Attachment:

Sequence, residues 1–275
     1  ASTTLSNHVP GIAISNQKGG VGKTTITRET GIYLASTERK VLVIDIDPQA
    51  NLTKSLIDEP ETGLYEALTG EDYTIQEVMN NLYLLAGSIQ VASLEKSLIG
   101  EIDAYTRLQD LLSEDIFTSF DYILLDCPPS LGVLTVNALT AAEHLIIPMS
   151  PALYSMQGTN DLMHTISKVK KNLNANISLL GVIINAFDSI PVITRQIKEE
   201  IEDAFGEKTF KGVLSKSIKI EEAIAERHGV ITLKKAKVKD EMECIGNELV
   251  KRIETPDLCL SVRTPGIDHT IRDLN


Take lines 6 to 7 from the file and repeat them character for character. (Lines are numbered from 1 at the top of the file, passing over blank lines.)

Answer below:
   201  IEDAFGEKTF KGVLSKSIKI EEAIAERHGV ITLKKAKVKD EMECIGNELV
   251  KRIETPDLCL SVRTPGIDHT IRDLN